These are bulky foods and they are divided into dry roughages and succulent roughages. Dry roughages are foods like hay, straw and stover. Succulent roughages are silage, green oats or lucerne and grass.


These are dry foods which are high in nutrients. Concentrate rations are based on cereals. They are mainly maize in Southern Africa and America and barley in Europe, with the protein content of the ration being increased by adding high protein foods like soybean meal, groundnut meal, cottonseed meal or urea.

In the dairy herd, a maintenance ration is worked out and fed to meet the maintenance requirements of the cows, using the average weight of the cows in the herd. The production ration is worked out to meet the requirements of the milk production, based on the butterfat average of the herd. This ration is fed according to the daily milk yield of each cow in the herd.


The normal practice with a dairy concentrate ration is to feed at the rate of 0.5kg of the concentrate for every 1kg of milk produced by the cow. A cow giving 1 kg of milk a day would be fed 0.5kg of concentrate a day. A cow giving 6kg of milk a day would be fed 0.5 x 6 = 3.0 kg of concentrate and a cow giving 25kg of milk a day would be fed 0.5 x 25 = 12.5kg of concentrate a day. It follows that, if we work out a ration in which 0.5kg will meet the requirements for 1kg of milk, this ration can be fed to all the cows in the dairy by varying the amount according to the amount of milk given by each cow.

Take the case of a dairy herd with a butterfat average of 4%. The requirements for 1kg of milk taken from the table on Page 2 are:

  • T.D.N.     0.33kg
    • D.C.P.     0.051kg

Now look at the nutrient content of maize, which has a T.D.N. of 80% and a D.C.P. of 6.5%. If maize was fed as a concentrate ration, 0.5kg would supply:

  • T.D.N. 80/100 x 0.5 = 0,40kg
  • D.C.P. 6.5/100 x 0.5 = 0.0325kg

This is supplying too much energy (T.D.N.) and too little protein – so that maize by itself is not balanced for milk production. We must add something to the maize before it can be called a concentrate ration for milk production. Suppose we use Groundnut Cake which has a T.D.N. of 75%, and a D.C.P. of 37%, and make a mixture of 60kg of Maize and 10kg of Groundnut Cake. This would supply the following nutrients:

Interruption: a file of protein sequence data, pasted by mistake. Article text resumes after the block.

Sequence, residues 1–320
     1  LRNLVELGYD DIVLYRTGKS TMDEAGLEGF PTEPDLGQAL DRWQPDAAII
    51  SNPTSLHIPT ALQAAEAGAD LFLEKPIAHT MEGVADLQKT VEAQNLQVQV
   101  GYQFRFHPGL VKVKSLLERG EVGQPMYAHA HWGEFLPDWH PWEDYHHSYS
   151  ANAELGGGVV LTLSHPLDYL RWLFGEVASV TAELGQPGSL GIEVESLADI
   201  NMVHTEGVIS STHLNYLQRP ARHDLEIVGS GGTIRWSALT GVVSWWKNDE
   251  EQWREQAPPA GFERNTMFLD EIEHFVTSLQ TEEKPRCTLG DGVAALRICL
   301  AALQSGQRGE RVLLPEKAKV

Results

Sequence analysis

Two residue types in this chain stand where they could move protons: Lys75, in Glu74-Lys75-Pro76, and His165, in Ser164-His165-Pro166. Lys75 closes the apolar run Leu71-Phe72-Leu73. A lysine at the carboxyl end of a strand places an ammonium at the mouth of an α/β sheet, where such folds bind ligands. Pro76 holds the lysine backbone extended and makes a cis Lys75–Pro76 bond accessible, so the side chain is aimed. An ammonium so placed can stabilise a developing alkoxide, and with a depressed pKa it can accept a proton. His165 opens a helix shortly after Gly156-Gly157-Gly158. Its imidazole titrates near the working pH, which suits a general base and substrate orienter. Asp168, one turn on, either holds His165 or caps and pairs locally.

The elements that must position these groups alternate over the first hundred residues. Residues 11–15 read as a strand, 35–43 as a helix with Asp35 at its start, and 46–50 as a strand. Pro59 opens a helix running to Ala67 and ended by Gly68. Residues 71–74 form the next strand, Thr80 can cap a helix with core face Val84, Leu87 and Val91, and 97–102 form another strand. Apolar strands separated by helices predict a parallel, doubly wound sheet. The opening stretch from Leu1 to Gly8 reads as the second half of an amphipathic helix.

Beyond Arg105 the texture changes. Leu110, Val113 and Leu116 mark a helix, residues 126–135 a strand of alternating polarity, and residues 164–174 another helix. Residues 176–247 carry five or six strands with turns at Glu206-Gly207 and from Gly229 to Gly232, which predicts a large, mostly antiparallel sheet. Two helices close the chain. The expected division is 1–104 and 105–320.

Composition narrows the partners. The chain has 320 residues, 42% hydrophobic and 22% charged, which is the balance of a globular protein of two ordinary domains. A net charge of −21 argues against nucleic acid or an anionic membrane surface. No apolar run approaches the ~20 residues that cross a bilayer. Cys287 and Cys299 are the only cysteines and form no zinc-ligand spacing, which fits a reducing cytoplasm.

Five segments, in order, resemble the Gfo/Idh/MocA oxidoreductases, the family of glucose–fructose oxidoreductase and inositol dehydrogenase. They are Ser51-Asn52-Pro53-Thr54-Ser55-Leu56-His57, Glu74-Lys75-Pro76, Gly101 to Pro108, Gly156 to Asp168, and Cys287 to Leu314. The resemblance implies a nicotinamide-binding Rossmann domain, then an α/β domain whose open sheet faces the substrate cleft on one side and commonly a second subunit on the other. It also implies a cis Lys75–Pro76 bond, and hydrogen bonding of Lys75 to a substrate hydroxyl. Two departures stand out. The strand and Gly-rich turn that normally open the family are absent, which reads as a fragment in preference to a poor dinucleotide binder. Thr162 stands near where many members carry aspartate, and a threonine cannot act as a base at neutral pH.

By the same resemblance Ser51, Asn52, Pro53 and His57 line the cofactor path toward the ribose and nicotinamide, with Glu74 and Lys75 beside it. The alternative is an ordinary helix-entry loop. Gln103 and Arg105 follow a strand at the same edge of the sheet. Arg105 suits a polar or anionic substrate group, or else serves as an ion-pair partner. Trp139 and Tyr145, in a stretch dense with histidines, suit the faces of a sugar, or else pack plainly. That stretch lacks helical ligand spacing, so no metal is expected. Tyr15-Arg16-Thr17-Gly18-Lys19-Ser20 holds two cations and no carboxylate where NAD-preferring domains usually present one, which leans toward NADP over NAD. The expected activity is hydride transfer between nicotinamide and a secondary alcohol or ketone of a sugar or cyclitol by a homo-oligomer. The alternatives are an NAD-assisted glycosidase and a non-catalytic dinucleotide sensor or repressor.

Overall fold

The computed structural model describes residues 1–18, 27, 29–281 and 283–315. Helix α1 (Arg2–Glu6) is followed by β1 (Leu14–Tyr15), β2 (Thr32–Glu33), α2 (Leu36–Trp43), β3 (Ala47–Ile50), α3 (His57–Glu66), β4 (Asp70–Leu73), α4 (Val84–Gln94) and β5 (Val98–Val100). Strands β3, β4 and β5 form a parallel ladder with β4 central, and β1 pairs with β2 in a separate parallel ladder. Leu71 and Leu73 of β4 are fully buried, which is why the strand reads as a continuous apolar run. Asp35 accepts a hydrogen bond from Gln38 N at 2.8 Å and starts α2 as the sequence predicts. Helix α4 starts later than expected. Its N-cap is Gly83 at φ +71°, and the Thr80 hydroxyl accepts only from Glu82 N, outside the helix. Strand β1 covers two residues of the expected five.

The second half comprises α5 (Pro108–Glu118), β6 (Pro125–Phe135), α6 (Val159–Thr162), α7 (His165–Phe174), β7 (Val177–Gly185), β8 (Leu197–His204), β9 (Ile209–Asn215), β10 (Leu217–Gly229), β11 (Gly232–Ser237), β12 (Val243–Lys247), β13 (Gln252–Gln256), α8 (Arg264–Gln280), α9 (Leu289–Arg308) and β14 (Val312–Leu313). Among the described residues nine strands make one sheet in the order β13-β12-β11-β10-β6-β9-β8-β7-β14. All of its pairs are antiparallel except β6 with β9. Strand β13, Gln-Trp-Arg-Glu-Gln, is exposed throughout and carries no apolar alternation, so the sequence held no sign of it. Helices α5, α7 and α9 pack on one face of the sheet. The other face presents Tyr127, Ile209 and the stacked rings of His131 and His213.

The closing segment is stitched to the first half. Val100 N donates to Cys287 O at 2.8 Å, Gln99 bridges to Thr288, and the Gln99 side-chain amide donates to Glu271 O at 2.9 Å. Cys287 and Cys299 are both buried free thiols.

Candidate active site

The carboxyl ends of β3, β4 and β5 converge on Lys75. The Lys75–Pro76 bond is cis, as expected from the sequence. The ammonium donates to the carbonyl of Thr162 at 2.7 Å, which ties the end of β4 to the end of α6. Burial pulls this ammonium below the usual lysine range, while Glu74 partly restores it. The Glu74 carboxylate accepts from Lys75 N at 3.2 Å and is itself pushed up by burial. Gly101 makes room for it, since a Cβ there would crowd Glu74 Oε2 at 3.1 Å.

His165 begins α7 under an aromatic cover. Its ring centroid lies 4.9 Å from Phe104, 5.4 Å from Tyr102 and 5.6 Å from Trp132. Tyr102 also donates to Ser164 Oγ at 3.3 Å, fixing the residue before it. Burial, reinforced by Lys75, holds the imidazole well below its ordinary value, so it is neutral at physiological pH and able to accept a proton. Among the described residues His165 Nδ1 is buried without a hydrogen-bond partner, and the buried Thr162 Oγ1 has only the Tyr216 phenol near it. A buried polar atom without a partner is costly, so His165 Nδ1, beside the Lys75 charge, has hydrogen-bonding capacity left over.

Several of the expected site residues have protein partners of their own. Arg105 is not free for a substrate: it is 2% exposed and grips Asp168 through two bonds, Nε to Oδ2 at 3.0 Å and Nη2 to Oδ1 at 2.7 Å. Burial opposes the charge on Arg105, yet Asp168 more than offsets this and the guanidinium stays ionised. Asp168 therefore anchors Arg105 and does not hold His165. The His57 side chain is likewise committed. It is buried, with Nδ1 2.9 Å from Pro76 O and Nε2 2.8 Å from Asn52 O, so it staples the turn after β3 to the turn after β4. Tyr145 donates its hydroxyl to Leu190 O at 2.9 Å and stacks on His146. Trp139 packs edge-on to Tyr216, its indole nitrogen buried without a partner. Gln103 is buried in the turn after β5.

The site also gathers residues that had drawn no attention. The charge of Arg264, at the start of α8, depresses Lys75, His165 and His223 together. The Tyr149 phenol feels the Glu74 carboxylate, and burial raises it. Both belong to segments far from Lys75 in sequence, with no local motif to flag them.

60 kg of Maize would supply80/100 x 60 = 48kg and6.5/100 x 60 = 3.9kg
10kg of G.N.C. would supply75/100 x 10 = 7.5kg 37/100 x 10 = 3.7kg
70kg of mixture would supply55.5kg and7.6kg
1kg of mixture would supply55.5/70 = 0.79kg and 7.6 /70          0.109kg
0.5kg of mixture would supply0.79 x 0.5 = 0.39kg and 0.109 x 0.5 = 0.054

This percentage T.D.N. and D.C.P. in this mixture would be 79% T.D.N. and 10% D.C.P.

This ration would satisfy the requirements for milk production of 4% butterfat if fed at 0.5kg for each 1kg milk.

We can check this quite easily by considering the cow giving 20kg of milk a day and the cow giving 5kg of milk a day.


20kg a day
5kg a day
0.33 x 20 = 6.60kg
0.33 x   5 = 1.65kg
0.051 x 20 = 1.02
0.051 x   5 = 0.26

For 20kg a day, 20 x 0.5 = 10kg of mixture would be fed and this would supply:

  • 0.79 x 10 = 7.9kg of T.D.N.
  • 0.109 x 10 = 1.09kg of D.C.P.

For 5kg a day, 5 x 0.5 = 2.5kg of mixture would be fed and this would supply:

  • 0.79 x 2.5 = 1.98 of T.D.N.
  • 0.109 x 2.5 = 0.27 of D.C.P

In fact, this mixture is providing a bit too much energy. Try working out the ration using 50kg of maize and 10kg of G.N.C. and see if this reduces the energy in the final mixture.

This is a very simple ration containing only 2 ingredients, maize and groundnut cake. In practice, more ingredients would be used so that the protein would come from several sources because of the different Biological Value of different proteins.